Morales was an unlikely standard. He was not eloquent as Barrera. He was not thrilling or durable as Pacquiao. He was steered wide of Marquez. He didn’t throw the hook like a Mexican but used instead a deceptive and jarring right uppercut triggered by the touch of a glove on his elbow, a punch to dissuade his countrymen’s voracious, liver-feeding left hands. He was awkwardly skinny, too, a gawky, rib-tallied Tijuananense with a big nose.

Good God, but he made the masculine choice every time.

Masculine, macho, entertaining – Morales was all of these words, not one a synonym for “prudent.” His finest moment was imprudent as hell. Ahead on official scorecards after 11 rounds against Manny Pacquiao, Morales fought the 12th as a southpaw, several times realizing his folly before willing himself back in an awkward stance that assured Pacquiao every chance to hurt him. This, just after his father pleaded with him not to do anything crazy – y nada estupido. Before you compare your favorite fighter to Morales, ask first: Would my guy offer his head to Pacquiao for three minutes of a fight he is winning, just to entertain someone like me?

Six months after such unforgettable boldness, Morales moved up to lightweight to fight Zahir Raheem and proved, definitively, that a man who cannot make super featherweight is by no means a lightweight. Then Pacquiao blew him out, twice, and the David Diaz match came nine months after Pacquiao KO-3 Morales. By then I’d published enough to be credentialed for Chicago, but see, El Terrible had said goodbye thrice against Pacquiao – once when he winked at his dad from the canvas and twice in an interview bungled by HBO’s former interpreter – and I took him at his word.

Morales’ comeback, after 2 1/2 years of retirement, has a whiff of boredom to it, as if El Terrible were sitting at home one night, tired of domesticity and grown fluffy, and saw Amir Khan hightailing from Marcos Maidana while being called great, and said “¡Ya basta!” to his television set. Morales has a Twitter account for combating boredom, too, one he uses to retweet wife jokes and regularly post, of his training regimen, “The mouse likes cheese.” There has been no reason to board a plane for a Morales fight since 2007, as any aficionado knows, but Houston is within driving distance.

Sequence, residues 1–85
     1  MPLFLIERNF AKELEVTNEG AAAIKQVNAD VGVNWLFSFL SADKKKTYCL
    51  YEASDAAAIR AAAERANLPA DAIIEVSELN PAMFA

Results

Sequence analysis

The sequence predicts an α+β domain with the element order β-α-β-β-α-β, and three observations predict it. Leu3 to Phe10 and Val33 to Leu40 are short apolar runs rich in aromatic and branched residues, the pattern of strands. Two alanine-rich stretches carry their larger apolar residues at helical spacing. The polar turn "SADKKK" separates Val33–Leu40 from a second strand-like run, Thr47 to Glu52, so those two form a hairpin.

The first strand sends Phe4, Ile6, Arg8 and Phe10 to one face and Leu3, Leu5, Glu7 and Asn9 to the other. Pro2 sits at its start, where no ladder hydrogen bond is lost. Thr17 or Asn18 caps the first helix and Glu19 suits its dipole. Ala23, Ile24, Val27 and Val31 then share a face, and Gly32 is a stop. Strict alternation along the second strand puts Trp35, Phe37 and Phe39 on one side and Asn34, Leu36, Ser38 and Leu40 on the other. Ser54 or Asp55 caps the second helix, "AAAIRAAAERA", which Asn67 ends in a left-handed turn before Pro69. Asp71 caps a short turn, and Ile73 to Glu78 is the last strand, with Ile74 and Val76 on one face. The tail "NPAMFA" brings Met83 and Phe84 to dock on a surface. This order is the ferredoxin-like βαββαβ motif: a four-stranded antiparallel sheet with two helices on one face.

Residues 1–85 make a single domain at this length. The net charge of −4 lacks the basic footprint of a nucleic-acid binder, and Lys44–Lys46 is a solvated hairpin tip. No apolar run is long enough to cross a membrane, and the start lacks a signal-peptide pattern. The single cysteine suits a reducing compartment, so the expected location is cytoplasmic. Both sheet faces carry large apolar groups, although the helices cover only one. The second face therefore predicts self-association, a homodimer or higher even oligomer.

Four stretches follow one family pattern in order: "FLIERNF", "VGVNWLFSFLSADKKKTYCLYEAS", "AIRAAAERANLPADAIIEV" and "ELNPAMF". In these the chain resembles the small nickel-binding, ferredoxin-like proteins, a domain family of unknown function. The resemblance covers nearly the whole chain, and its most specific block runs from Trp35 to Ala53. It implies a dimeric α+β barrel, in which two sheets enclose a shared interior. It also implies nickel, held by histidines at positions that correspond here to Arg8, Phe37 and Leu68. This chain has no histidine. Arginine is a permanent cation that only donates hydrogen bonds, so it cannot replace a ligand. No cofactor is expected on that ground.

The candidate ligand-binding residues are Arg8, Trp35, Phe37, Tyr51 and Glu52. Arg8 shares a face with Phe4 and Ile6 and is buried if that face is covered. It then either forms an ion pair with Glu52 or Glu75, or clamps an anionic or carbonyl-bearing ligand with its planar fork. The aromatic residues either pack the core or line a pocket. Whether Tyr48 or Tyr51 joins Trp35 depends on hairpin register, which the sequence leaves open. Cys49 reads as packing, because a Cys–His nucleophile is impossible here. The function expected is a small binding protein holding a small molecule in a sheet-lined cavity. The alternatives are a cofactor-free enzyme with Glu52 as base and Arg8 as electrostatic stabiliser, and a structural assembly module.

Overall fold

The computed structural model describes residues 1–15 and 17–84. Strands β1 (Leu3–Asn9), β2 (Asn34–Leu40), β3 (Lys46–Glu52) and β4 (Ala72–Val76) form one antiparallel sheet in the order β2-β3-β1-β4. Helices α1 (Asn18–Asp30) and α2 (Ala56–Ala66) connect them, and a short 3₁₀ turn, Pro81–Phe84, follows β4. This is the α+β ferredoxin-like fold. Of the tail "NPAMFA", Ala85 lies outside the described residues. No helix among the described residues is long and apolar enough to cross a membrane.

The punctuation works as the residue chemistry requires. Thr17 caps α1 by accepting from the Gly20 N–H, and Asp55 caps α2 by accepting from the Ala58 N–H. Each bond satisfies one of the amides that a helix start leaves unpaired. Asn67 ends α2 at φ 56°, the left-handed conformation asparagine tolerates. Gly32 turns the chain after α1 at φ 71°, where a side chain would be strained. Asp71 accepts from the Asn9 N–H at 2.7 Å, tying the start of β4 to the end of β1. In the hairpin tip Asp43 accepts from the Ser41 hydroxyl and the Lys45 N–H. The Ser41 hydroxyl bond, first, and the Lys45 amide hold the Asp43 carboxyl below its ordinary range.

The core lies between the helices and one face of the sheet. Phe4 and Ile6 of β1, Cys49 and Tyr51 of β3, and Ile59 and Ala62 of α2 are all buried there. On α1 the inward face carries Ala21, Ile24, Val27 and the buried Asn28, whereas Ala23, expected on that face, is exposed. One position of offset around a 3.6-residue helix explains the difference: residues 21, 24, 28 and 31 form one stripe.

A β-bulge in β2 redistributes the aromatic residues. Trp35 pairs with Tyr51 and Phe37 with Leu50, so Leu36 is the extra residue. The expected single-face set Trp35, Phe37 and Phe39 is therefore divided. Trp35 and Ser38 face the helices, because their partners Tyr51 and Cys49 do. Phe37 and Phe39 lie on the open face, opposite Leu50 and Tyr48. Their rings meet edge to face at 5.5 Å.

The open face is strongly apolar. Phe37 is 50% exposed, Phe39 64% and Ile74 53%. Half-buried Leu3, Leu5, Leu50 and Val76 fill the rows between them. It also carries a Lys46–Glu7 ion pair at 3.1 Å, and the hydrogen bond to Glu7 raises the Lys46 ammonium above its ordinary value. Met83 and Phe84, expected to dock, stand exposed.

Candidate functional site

Morales’ comeback also feels a little like Julio Cesar Chavez’s “Adios” tour. Chavez was 12 years and pounds beyond his prime, at age 42, further beyond his prime, by far, than Morales is at 35, and came back in pursuit of money. A few tilts in, Chavez found himself a patron to pay for the tour and promote his son. In a fine show of incremental audacity, Chavez’s one “Adios” fight became “Adios Los Angeles” then “Adios Arizona” then “Adios Phoenix” – with “Adios Tucson” and “Adios Flagstaff” lurking – before someone named Grover Wiley put an end to the silliness in America West Arena.

Danny Garcia should decision Morales, Saturday – and what ever happened to Grover Wiley, anyway? So long as Morales acquits himself nobly, though, he’ll be presented a WBC silver or diamond belt before April Fools’ Day, and his comeback will go on till he tires of training or being beaten on. Or maybe Morales will win Saturday like he did in September, in a fight you probably watched, even if you can’t now remember Morales’ opponent or its official outcome.

It will be an honor to sit ringside at a Morales fight, regardless. A feeling of pride, a certain personal indulgence, will wash over me when the name “El Terrible” rings through Reliant Arena. We made it, kid.

Bart Barry can be reached at bart.barrys.email (at) gmail.com

JUAN MÁNUEL MÁRQUEZ AND BRANDON RIOS HEADLINE WORLD CHAMPIONSHIP PPV EVENT ORIGINATING FROM MÉXICO CITY AND LAS VEGAS

March 18, 2012 by · Leave a Comment
Filed under: Boxing News 

Plus

ALVARADO vs. HERRERA

JUNIOR WELTERWEIGHT BATTLE

MERCITO GESTA RISKS

UNDEFEATED RECORD AND TOP-10 RATING

Saturday, April 14 at

Mandalay Bay and Arena México

Distributed Live By HBO Pay-Per-View®